Analagous to Zygmunt Bauman’s take in “Work, Consumerism and the New Poor”
For a wider perspective on this, one could do worse than read Alfred de Vigny’s meditation The Warrior’s Life. First published in 1835, it is a classic of early French romanticism that asks a very modern question: what price an army that has outlived its usefulness?
During the two world wars, military service resulted in the percentage of the population in uniform in the UK and the US approaching an extraordinary 10 per cent. This kind of warfare accustomed entire societies to new egalitarian norms and demonstrated the indispensability of the state itself as mediator in industrial relations, and as economic strategist and planner. The lessons were learnt and applied after the war as well, underpinning much of the west’s managed capitalism in the years of the post-1945 economic boom.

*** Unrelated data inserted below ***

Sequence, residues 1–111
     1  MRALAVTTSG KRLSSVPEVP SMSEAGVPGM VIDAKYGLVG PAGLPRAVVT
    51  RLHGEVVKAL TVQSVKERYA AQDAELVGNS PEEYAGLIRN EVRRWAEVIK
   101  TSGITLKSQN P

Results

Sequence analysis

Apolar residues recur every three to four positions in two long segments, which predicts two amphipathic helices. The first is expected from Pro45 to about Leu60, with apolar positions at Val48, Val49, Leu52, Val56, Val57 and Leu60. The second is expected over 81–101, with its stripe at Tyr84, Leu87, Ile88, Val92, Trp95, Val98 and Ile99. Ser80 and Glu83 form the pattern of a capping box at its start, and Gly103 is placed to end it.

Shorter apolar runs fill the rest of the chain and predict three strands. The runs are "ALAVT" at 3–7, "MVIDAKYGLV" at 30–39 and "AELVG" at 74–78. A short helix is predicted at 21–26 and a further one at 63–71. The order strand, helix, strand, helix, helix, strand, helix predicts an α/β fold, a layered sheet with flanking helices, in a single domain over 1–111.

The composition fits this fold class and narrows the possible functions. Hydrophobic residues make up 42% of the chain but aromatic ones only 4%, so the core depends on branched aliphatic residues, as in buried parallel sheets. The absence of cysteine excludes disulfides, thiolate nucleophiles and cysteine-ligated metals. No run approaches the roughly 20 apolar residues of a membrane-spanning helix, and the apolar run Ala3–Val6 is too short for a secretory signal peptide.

Of these lessons, almost nothing remains. The smaller, leaner, more capital-intensive military of the past few decades has contributed to the more timid states of the age of globalisation.